Dictionary of National Biography, 1885-1900/Markham, Francis
MARKHAM, FRANCIS (1565–1627), soldier and author, was a brother of Gervase Markham [q. v.] and the second son of Robert Markham of Cottam in Nottinghamshire, by Mary, daughter of Sir Francis Leake. Francis was born on 5 July 1565. After passing his early years in the household of the Earl of Pembroke, he was sent to Winchester School, and was afterwards under the famous scholar, Adrian de Saravia. In 1582 he was entered of Trinity College, Cambridge, but remained only a short time, going as a volunteer to the wars in the Low Countries without permission. Having made submission to his father, he was properly fitted out as a volunteer under Sir William Pelham [q. v.], and he served at the siege of Sluys. When Pelham died, young Francis returned to England, and in 1588 he was studying law at Gray's Inn. But he soon tired of the law, and crossed over to Flushing in the hope of getting a captain's company from Sir Robert Sidney, who was then governor. Disappointed in that quarter, he went to serve under the Prince of Anhalt in the war caused by a disputed succession to the bishopric of Strasburg, and in 1593 he was studying law at Heidelberg. He had a captaincy under the Earl of Essex in France and in Ireland, and was again in the Low Countries for a short time with Sir Francis Vere. He travelled in France with Lord Roos, and eventually obtained the appointment of muster-master, which gave him a fixed salary with residence at Nottingham. In 1608 he married a lady named Mary Lovel, and had children, but none survived him. He was still muster-master of Nottingham in 1622, and died in 1627, aged 62.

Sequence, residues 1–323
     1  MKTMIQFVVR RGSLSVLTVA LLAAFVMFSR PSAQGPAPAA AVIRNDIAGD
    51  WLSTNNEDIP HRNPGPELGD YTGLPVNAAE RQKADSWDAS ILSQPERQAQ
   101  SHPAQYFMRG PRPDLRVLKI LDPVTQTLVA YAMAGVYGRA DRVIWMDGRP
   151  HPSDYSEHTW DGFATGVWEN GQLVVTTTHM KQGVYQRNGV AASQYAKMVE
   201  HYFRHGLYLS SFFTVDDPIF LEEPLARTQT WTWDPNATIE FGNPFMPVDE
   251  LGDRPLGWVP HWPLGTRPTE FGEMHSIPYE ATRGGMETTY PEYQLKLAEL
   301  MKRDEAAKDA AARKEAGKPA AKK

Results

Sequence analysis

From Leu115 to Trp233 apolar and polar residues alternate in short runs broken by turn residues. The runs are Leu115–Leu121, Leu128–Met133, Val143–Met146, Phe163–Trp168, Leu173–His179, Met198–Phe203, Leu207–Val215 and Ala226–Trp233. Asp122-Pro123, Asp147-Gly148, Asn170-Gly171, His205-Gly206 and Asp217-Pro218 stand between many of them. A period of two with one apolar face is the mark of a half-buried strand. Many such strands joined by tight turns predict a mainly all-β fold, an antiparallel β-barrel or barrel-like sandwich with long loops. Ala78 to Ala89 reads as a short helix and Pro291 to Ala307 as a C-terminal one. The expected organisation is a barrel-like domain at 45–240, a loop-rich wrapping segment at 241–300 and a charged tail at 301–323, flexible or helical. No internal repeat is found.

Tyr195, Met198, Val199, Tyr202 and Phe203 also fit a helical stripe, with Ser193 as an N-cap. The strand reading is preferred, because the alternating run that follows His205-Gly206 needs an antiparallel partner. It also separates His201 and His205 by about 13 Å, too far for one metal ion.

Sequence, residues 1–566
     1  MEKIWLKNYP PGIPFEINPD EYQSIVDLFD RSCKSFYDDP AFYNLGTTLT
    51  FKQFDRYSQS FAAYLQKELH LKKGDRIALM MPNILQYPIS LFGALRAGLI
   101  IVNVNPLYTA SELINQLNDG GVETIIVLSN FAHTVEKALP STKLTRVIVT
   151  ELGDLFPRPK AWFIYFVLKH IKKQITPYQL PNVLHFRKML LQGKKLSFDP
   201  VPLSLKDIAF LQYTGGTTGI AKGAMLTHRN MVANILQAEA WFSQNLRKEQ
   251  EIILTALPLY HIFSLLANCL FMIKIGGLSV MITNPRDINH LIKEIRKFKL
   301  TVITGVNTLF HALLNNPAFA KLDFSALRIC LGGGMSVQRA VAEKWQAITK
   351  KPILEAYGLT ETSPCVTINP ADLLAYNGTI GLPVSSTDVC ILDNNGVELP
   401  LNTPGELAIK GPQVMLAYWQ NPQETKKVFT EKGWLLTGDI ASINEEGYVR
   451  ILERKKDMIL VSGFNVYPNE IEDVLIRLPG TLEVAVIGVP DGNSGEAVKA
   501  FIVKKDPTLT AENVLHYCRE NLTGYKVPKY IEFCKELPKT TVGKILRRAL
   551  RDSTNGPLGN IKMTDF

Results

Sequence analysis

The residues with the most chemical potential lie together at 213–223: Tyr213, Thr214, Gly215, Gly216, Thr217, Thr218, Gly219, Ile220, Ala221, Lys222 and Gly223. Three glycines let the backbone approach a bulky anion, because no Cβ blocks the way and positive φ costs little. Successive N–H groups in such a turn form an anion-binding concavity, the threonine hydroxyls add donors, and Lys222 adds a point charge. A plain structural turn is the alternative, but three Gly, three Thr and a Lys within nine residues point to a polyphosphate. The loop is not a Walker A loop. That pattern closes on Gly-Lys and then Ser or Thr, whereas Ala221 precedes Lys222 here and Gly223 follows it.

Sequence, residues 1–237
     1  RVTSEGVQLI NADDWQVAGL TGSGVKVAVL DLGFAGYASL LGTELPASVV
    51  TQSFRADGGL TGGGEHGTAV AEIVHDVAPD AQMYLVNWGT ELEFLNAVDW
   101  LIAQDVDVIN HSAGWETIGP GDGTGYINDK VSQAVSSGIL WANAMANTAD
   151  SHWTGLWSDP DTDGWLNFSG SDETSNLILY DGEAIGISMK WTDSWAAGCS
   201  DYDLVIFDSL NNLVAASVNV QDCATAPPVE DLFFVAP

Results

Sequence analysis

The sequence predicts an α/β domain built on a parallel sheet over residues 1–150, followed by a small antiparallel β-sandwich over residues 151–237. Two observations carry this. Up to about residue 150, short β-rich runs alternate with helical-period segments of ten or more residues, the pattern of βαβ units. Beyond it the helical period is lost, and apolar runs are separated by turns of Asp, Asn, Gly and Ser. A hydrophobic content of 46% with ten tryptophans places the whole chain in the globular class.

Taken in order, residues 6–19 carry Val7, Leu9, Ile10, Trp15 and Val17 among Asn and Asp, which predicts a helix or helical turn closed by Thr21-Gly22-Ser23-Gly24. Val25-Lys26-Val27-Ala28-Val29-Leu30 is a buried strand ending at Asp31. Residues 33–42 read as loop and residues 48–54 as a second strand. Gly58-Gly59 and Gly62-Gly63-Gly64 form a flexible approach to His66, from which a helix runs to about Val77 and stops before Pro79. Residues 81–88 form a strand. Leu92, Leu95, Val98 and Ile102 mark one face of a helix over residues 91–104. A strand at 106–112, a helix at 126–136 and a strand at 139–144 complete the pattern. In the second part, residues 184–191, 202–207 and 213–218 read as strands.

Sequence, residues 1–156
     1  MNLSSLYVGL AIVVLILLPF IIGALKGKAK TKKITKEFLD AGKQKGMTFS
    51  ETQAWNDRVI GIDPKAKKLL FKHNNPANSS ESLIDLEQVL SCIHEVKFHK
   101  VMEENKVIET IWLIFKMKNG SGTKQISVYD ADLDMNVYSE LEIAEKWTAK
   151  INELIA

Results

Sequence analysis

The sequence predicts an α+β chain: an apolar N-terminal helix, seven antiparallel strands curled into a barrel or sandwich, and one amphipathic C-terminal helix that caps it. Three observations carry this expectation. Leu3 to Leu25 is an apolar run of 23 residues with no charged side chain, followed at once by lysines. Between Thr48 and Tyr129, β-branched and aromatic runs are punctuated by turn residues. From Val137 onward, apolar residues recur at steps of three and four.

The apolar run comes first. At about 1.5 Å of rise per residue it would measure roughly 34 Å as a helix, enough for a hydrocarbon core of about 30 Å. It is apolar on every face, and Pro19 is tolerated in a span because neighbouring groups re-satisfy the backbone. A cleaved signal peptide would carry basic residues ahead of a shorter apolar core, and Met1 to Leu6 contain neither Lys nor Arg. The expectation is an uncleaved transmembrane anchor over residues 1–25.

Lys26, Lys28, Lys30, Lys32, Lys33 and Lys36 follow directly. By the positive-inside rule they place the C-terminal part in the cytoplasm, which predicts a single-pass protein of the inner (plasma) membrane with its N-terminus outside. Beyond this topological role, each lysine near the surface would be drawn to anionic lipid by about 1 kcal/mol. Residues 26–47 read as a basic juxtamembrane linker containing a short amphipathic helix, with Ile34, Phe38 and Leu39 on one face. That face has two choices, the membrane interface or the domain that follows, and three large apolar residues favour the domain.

Markham published: 1. 'Five Decades of Epistles of War,' fol. 1622, in which he gives an account of the duties of the officers in the army of every rank in the days of Elizabeth. 2. 'The Booke of Honour,' fol. 1626; an antiquarian treatise on the origin and status of the various ranks of nobility and knighthood. He also wrote a 'Genealogy or Petigree of Markham,' still in manuscript, and dated 27 July 1601 (it belongs to the present writer); and a glossary of Anglo-Saxon words, with derivations of christian names.
[Markham's curious autobiography was printed in the Proceedings of the Society of Antiquaries, 17 Nov. 1859.]